County budget for 2000 passed

But commissioners cut $2.8 million in funding for schools

May 27, 1999|By Brenda J. Buote | Brenda J. Buote,SUN STAFF

The county commissioners adopted a $265 million budget for fiscal year 2000 yesterday, and announced an 11th-hour change in their spending plans -- a $2.8 million slash in funding for Carroll's public schools.

The budget includes $193 million to cover the day-to-day cost of county government and $72 million for capital improvements, including new schools and roads. The budget does not call for increases in property or income taxes. The new fiscal year begins July 1.

The commissioners are withholding $1 million from the education budget until the school board agrees to hire an independent contractor to conduct a systemwide performance audit.

"The audit would start with the administration and move down through all the different departments in the school system," said Commissioner Julia Walsh Gouge.

The commissioners also gave the school board $1.8 million less than it requested for operating expenses. School officials asked for $94.2 million, but received $92.4 million.

School board President Gary Bauer said he is not sure where cuts would be made to meet the spending limit. Superintendent William H. Hyde has promised that teacher salaries and planning time for elementary instruction will not be affected.

"The staff will have to sit down and look at where the cuts should be made," Bauer said. "Hopefully, they'll be able to present something to the school board at our next meeting" June 8.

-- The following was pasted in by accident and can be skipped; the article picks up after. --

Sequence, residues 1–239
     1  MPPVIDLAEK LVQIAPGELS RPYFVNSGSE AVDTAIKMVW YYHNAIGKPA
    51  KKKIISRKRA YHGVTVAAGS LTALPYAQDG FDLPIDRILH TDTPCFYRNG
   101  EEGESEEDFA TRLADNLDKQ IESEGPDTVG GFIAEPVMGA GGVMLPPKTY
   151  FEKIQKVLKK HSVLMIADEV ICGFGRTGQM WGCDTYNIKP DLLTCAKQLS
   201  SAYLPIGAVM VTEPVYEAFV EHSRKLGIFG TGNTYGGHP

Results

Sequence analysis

Bauer said it would take at least a few months to begin the performance audit, and could take as long as a year to complete. He did not know how much the audit would cost taxpayers.

"It's not going to happen overnight because we have to sit down with the commissioners and determine what the scope of the audit will be," Bauer said.

Carroll's public schools have never before ordered a systemwide performance audit, he said.

"In the past decade, we've had audits performed on several components of the system -- facilities, maintenance, transportation, personnel and cafeteria -- but we haven't done anything as far-reaching as what the commissioners are suggesting," Bauer said.

The commissioners announced Tuesday, during a public budget preview meeting, that they were going to withhold $1 million in funding from the school system unless the audit was performed. At the time, the commissioners said they wanted to find out whether the school board had implemented the improvements suggested in previous audits.

It was the first time school board members heard of the proposed systemwide audit. No mention was made of it when the commissioners unveiled their proposed budget April 23, or at a public budget hearing May 6.

The hearing drew about 400 people, most of whom wanted the commissioners to fully fund the school system's operating budget request.

The overall fiscal year 2000 budget is based on the current property tax rate of $2.62 per $100 of assessed value and a local income tax rate of 55 percent of the state income tax liability.

The county operating budget -- which covers the day-to-day cost of running county government and its agencies -- increases by 5 percent, from $183 million this year to $193 million next year.

The commissioners saved money in the operating budget by cutting funding for themselves. Rather than adopt a $675 monthly allowance for car expenses and home office costs, the commissioners decided to keep their $12 per diem, a bonus they receive each day they work or appear at an official function.

Carroll's capital budget -- which pays for construction projects -- increased 53 percent, from $47 million this year to $72 million next year. About 9 percent of the money in the capital budget will be used for road improvements, particularly in the South Carroll area.

Pub Date: 5/27/99

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